Guru: Introduction to the Administration Runtime Expert
June 1, 2020 Dawn May
Business-critical applications must be up and running reliably without failure. When something unexpected occurs, you must identify the cause and correct it quickly. Whether you’re a developer launching a new application, enhancing an existing application, or maintaining a legacy application, or an administrator managing the infrastructure, we all want to find ways to make our jobs easier, and unexpected surprises are not fun. I expect the relentless push to do more with less is only going to intensify while the tolerance for failure keeps dropping. Yet identifying points of failure can be tricky as complexities scale.
IBM i offers a free product that helps ascertain application and infrastructure health. The IBM Administration Runtime Expert for i (ARE) can be used to define attributes of a healthy environment and use those defined attributes to validate that the environment is as expected. The results are in a report that identifies whether the attributes are as expected, or if there are differences from the expected settings. For certain changed attributes, ARE can also correct the problem.
Consider the following examples on how ARE can be useful:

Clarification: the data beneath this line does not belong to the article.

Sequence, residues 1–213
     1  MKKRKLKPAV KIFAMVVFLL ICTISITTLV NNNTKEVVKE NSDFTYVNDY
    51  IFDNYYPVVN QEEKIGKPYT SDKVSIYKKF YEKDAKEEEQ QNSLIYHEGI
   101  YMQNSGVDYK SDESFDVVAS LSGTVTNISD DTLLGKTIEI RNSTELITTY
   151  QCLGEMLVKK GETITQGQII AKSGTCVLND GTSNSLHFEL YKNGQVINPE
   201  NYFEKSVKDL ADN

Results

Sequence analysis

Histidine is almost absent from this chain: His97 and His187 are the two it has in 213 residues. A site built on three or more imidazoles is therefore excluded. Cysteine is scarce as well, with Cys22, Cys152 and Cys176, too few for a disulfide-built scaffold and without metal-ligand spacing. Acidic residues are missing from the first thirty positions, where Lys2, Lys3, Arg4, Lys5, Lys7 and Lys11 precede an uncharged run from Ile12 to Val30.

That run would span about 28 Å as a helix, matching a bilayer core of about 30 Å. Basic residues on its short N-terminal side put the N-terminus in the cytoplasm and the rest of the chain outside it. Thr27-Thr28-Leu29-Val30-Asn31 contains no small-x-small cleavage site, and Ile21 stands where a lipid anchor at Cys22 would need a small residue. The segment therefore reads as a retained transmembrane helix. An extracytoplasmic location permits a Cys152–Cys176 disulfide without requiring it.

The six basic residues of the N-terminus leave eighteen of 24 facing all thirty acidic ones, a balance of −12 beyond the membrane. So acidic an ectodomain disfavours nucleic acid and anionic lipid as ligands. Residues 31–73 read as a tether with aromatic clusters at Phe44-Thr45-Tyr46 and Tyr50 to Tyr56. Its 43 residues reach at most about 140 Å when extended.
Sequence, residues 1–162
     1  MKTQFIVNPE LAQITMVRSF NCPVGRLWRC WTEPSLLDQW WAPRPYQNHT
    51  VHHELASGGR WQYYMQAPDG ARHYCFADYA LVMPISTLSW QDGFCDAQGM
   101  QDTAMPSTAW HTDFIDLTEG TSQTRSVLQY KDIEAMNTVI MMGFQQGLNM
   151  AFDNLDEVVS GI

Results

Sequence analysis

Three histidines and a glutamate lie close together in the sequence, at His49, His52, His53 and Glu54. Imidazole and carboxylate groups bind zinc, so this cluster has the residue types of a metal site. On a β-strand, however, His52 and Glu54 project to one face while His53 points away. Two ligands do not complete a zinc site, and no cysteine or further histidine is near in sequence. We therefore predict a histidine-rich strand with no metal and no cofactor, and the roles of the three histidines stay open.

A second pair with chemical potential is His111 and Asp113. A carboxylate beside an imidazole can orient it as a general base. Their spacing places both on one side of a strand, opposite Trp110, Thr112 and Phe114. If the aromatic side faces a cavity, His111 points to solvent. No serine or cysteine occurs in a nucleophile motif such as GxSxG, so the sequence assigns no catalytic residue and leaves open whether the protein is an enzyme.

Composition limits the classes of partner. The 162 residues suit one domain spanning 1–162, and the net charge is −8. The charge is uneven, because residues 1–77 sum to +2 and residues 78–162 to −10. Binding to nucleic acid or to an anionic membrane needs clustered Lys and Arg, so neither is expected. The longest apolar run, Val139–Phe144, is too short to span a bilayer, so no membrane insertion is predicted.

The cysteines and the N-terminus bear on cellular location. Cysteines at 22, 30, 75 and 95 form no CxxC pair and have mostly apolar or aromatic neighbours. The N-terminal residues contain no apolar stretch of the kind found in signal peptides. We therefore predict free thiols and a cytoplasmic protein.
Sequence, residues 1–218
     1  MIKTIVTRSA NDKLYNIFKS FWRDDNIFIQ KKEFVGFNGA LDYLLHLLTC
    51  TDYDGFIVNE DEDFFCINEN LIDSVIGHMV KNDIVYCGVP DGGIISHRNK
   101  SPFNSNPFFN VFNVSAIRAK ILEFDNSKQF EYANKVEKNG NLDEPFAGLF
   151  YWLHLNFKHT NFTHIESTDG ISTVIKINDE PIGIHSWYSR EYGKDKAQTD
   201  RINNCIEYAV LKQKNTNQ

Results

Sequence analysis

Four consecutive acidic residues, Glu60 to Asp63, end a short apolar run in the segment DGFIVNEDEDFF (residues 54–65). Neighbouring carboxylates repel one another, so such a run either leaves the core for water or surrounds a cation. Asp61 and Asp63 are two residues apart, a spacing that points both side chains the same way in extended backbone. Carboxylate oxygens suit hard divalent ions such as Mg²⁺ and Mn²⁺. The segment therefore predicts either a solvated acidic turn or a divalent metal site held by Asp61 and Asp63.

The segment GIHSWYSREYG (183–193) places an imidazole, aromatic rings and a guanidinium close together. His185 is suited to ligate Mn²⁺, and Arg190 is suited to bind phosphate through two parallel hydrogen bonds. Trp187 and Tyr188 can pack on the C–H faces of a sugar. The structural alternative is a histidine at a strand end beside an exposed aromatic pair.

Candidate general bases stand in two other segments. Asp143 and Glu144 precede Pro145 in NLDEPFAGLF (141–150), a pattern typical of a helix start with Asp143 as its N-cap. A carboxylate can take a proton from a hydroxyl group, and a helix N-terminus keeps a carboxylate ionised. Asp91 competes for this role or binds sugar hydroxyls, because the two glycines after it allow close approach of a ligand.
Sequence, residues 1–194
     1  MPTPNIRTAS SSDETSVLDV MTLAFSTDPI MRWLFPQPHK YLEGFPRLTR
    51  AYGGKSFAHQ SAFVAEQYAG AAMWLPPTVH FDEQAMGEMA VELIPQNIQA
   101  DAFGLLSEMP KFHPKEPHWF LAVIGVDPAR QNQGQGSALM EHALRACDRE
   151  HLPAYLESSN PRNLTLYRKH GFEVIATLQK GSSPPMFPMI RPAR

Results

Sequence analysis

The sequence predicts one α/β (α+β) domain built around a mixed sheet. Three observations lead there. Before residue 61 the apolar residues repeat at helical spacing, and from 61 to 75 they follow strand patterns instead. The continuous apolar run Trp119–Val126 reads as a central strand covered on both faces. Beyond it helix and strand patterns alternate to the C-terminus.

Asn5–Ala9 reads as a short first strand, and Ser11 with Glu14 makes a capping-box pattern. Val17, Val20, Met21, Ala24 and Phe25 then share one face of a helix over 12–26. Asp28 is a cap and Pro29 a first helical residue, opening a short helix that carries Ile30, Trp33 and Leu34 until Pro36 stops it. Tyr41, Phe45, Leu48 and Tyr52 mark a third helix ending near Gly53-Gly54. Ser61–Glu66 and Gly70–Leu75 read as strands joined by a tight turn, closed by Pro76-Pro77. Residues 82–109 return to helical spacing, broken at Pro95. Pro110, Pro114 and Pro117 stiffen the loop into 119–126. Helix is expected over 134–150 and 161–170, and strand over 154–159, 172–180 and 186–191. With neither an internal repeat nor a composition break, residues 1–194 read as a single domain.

- You want to ensure a test environment is exactly the same as production for software installed and object levels.
- An application failure occurred, and you need to identify what changed to cause the problem.
- You have multiple partitions and you need to ensure the partitions are consistent in their configurations.
- You want to ensure user profiles are consistent across all partitions.
- You upgraded all your partitions to 7.4 and you want to verify that you have the same PTFs installed on all of them.
To get started with ARE, you first need to install the product. Information on prerequisites, installation details, starting the ARE web server, and connecting to the console, are documented in the Getting Started Guide.
ARE is delivered in two parts:
- The graphical user interface. This is the web console that is used to define the attributes you want to validate, set up verifications, and review the reports. This is delivered with the 5733-ARE licensed program product (LPP). This product is available for no additional charge from the entitled systems support (ESS) site. You only need to install the product on the partitions where you will launch the console.